With Liberty

Songs & Stories From Home Episode 58

 WITH LIBERTY

 

ON THE WINGS OF A DREAM

 

It goes back to the scriptures and back to the founders 

Back to what we pledged on our first day of school

Back to a dream of Martin Luther King

Back to what we mean by the Golden Rule

It’s a beautiful dream that says everyone’s equal

With rights to life, liberty, happiness too

A dream full of hope for a more perfect union

It’s still not too late for that dream to come true 

Chorus

With faith we can fly on the wings of a dream

We still may become all we hoped we could be 

It will take everyone and we’ll have to believe

That we can fly on the wings of a dream

 

©Copyright 2020 Love Gives More Music

 

Welcome to Songs and Stories from Home as we continue on the Wings of a Dream. This week WITH LIBERTY

What do we mean when we end the Pledge of Allegiance with the words Liberty and Justice for All? When it comes to liberty we are a country steeped in myths of hearty individualism and personal freedom, ideas we often express loudly and boldly. We unfurl and wave Don’t Tread on Me flags. We are the land of 400 million firearms in civilian hands, nearly half of the world’s total. We proclaim, protest, and protect the right to stand our ground. Yet despite how tightly we hold on to individualism we also pledge allegiance to one nation, under God, indivisible. In other words, if we are to be true to our pledge, like it or not we are all in this together, free to do our own thing, sure, but also free to be part of something bigger than ourselves.

After much consideration about what Liberty in the Pledge of Allegiance might mean, I chose President Franklin Roosevelt’s Four Freedoms as a model. Ideas he shared in his State of the Union Address in January of 1941. Roosevelt said that everyone should know what it means to have Freedom of Speech, Freedom of Worship, Freedom from Want, and Freedom from Fear. 

Inspired certainly by the 1st Amendment to the Constitution which says: 

Congress shall make no law respecting an establishment of religion, or prohibiting the free exercise thereof; or abridging the freedom of speech, or of the press, or the right of the people peaceably to assemble, and to petition the Government for redress of grievances.

The First Amendment inspired by the Magna Carta, the first written constitution in European history. Dating back more than 800 years. Our human search for meaning, for wanting to know what belongs to us, what we owe to others, it goes way back.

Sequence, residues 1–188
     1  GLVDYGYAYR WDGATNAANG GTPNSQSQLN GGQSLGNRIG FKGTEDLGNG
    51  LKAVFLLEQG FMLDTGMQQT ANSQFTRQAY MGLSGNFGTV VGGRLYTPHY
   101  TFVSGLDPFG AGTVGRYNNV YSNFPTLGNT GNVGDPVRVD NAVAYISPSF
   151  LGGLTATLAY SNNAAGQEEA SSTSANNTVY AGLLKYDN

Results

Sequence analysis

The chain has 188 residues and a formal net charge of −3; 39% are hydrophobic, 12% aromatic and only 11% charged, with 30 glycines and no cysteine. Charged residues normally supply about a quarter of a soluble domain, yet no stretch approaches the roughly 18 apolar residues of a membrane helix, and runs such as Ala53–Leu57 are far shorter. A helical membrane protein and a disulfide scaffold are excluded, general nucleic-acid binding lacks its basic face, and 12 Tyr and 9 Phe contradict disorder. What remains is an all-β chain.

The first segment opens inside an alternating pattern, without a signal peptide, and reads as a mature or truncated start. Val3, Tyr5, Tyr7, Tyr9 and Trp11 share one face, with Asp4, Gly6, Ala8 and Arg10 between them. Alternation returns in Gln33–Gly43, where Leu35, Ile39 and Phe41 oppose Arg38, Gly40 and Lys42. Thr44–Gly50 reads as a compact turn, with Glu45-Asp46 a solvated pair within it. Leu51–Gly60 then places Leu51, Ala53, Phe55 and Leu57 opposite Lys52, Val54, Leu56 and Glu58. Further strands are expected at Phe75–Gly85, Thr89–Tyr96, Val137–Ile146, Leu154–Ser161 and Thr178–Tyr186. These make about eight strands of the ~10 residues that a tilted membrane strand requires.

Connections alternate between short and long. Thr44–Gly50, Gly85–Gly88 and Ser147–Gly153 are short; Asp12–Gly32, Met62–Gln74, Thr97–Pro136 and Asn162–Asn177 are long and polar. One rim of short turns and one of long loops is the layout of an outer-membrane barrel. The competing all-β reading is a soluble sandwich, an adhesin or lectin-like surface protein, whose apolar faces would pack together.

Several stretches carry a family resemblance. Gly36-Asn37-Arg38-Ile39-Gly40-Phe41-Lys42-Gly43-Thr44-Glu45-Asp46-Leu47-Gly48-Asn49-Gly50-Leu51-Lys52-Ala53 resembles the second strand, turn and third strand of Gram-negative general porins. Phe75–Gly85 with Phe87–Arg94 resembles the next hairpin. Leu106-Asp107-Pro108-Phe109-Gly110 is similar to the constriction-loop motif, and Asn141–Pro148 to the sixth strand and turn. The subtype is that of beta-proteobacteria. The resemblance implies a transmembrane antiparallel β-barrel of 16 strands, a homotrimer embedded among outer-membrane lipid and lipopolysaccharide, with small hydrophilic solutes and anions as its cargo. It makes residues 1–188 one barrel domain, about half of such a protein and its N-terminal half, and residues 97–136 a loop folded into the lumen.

In the middle of 20th century there was an artist in America who brought to life often idealized images of what it was to be American. His name was Norman Rockwell. In the spring of 1942 after America had entered the war, he decided he would illustrate Roosevelt’s Four Freedoms in hopes of raising money to help pay for the war effort. It’s said he found the task so daunting it was months before he picked up his paint brushes and when he finally finished, he said it was a project that should have been tackled by Michelangelo. As it turned out Rockwell’s images toured the country and were seen by more than a million Americans. The paintings became part of the most successful campaign ever to raise money for the war effort. Four million sets of posters of the paintings were distributed to schools and other institutions throughout the country. In the process they became a perfect visual complement to Roosevelt’s aspiring and inspiring words. The Four Freedoms are imprinted now on the American psyche, and what they look like and what America looks like continues to be reimagined.

THE FOUR FREEDOMS 

Freedom of Speech to have our voices heard and to listen to others’ voices. To combine our voices and to peaceably assemble. To have our voices heard in the halls of government. 

Freedom of worship We are a nation of immigrants where church and state are considered to be separate and separated and each of us is free to choose how or if we worship. In 1961 Supreme Court Justice William O. Douglas wrote that besides having freedom of religion we are if we choose granted freedom from religion.

Freedom from want More and more instead of acting like one nation indivisible we act like a nation of individuals who believe that personal liberty does not come with responsibility to something greater than ourselves. In order to truly be a nation free from want we need to continue to look for ways to assure that opportunities are available to all so that no one is left behind or left wanting.

Freedom from fear. In 1933 in the midst of the Great Depression, Franklin Roosevelt in his first speech as President, said the only thing we have to fear is fear itself. And then he set out to do anything and everything he could think of to make things better, knowing that while all of us live with fear we should not have to live in fear. Too often politicians reinforce our fears. We act differently when we are afraid. How much better our world and this country is when we are motivated by love and not fear.

 

WITH LIBERTY AND JUSTICE FOR ALL

 

I had a dream the other night

That our country somehow made things right

Was surprised at what it looked like

What had been there all along

 

We looked like one nation under God Indivisible 

With Liberty and Justice for All

 

ON THE WINGS OF A DREAM 

 

With faith we can fly on the wings of a dream

We still may become all we hoped we could be 

It will take everyone and we’ll have to believe

That we can fly on the wings of a dream

 

©Copyright 2020 Love Gives More Music

 

 

 

 

   

 

 

 

Songs & Stories From Home | Mark Pearson Music

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